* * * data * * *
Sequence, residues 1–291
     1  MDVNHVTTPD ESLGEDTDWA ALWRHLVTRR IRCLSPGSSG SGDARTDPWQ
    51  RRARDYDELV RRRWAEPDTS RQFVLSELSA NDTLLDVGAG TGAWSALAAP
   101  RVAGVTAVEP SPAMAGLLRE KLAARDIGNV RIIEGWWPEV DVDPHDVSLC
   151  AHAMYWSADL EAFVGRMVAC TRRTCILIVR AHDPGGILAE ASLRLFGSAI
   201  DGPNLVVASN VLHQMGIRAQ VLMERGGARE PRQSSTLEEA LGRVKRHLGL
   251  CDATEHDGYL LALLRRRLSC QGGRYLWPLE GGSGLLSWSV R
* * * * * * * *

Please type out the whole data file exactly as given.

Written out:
Sequence, residues 1–291
     1  MDVNHVTTPD ESLGEDTDWA ALWRHLVTRR IRCLSPGSSG SGDARTDPWQ
    51  RRARDYDELV RRRWAEPDTS RQFVLSELSA NDTLLDVGAG TGAWSALAAP
   101  RVAGVTAVEP SPAMAGLLRE KLAARDIGNV RIIEGWWPEV DVDPHDVSLC
   151  AHAMYWSADL EAFVGRMVAC TRRTCILIVR AHDPGGILAE ASLRLFGSAI
   201  DGPNLVVASN VLHQMGIRAQ VLMERGGARE PRQSSTLEEA LGRVKRHLGL
   251  CDATEHDGYL LALLRRRLSC QGGRYLWPLE GGSGLLSWSV R